Vancouver is a city surrounded by nature – rivers, mountains, oceans, inlets… It’s hard for us to visualize the shape of the landscape even as we live in it every day. A great place to get perspective is to go vertical; part way up Burnaby Mountain, just west of Simon Fraser University, there is a gorgeous park with an amazing view.

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The lower part of the park contains this sculptural installation: “the playground of the gods…” or in our case the playground of two wildly rambunctious youngsters…

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…which is even more incredible with the north shore lights and setting sun behind it:IMG_7019

The north side of the park looks up toward Indian Arm…

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One of my favourite sights:

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…and then this gorgeous view west out towards the ocean – it always tempts my adventurous spirit to get on a boat and go… Where are those boats headed when they leave our port?IMG_7029

All the view and fresh air builds up an appetite… IMG_7003
… a scoop (or two) of ice cream will finish it off perfectly.  (The hardest part is narrowing it down from the 200 plus choices…)

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Places to Go

Granville Island (Volume 3)…

Another gorgeous day, another chance to get out into our city… (so grateful for the people and places that make it wonderful for us…)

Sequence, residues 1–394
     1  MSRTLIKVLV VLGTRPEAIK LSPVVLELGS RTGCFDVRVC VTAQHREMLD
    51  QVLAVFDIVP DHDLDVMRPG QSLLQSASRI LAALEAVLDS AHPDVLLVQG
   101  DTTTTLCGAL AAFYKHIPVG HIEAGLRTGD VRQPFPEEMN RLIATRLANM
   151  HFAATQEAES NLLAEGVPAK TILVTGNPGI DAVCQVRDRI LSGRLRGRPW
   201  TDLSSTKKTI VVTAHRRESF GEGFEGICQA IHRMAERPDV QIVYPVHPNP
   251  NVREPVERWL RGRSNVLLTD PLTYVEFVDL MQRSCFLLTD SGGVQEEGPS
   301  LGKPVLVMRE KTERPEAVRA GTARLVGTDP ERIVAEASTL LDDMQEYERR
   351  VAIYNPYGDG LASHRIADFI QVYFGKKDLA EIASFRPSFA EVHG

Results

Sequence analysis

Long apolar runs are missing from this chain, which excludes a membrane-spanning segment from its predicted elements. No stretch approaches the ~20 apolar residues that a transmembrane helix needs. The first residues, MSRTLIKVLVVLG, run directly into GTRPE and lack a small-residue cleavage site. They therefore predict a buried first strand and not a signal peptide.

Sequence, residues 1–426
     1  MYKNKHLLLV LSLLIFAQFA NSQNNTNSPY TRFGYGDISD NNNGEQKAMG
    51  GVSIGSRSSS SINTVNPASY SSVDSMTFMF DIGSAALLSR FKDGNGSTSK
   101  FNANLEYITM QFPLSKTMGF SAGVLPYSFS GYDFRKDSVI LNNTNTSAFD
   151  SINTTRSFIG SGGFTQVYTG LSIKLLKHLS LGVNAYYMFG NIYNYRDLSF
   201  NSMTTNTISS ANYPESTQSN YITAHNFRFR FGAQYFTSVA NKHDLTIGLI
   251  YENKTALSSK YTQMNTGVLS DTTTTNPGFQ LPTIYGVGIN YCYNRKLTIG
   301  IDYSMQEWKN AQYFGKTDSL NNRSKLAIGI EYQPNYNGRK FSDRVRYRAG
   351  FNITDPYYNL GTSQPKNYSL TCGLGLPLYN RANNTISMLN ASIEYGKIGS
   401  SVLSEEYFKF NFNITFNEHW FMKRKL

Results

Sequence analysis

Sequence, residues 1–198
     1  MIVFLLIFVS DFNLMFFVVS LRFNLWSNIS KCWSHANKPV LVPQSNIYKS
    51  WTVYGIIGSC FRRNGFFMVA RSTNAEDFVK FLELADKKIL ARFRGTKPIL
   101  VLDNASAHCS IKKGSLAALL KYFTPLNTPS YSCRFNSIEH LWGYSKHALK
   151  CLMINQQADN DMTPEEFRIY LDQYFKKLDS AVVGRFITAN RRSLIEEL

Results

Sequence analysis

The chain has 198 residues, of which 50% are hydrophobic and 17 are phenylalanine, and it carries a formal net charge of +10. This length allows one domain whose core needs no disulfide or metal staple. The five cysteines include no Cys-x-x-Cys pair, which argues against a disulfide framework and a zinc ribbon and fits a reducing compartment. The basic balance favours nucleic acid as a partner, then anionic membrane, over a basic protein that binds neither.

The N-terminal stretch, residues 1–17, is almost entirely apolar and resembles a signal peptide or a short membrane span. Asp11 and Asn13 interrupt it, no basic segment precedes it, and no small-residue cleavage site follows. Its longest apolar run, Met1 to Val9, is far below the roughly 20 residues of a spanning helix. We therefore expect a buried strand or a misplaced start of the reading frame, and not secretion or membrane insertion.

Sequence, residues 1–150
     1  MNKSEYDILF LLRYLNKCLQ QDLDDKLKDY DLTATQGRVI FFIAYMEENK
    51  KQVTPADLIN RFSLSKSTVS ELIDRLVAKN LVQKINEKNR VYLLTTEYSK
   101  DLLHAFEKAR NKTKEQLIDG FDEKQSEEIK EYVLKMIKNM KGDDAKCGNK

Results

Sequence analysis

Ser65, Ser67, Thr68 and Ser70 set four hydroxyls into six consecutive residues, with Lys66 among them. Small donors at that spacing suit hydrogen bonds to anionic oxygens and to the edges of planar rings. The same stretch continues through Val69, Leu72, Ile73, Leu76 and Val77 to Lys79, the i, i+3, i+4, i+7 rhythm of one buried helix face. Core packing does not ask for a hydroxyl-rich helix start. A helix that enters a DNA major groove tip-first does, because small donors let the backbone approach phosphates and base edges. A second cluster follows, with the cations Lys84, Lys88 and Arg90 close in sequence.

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We try to get to Granville Island as often as possible.  It is one of my favourite parts of my hometown, probably because I have so many happy childhood memories of wandering around the market and taking in all of the sights and sounds.  I want my children to have the same happy memories and connections to the places that keep Vancouver alive for me…

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I have shared pictures from visits before (twice actually) but every time we go I love it and (of course) take endless photos.

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Boats, sunshine, saltwater, sandy beaches…

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I have the best memories of declaring as a small child that I would live my grown up life right here, in False Creek…  I haven’t had a chance to follow through on that promise yet, but there might still be time…

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I hope your day, wherever it takes you, has a tiny bit of sunshine and flowers to carry you through.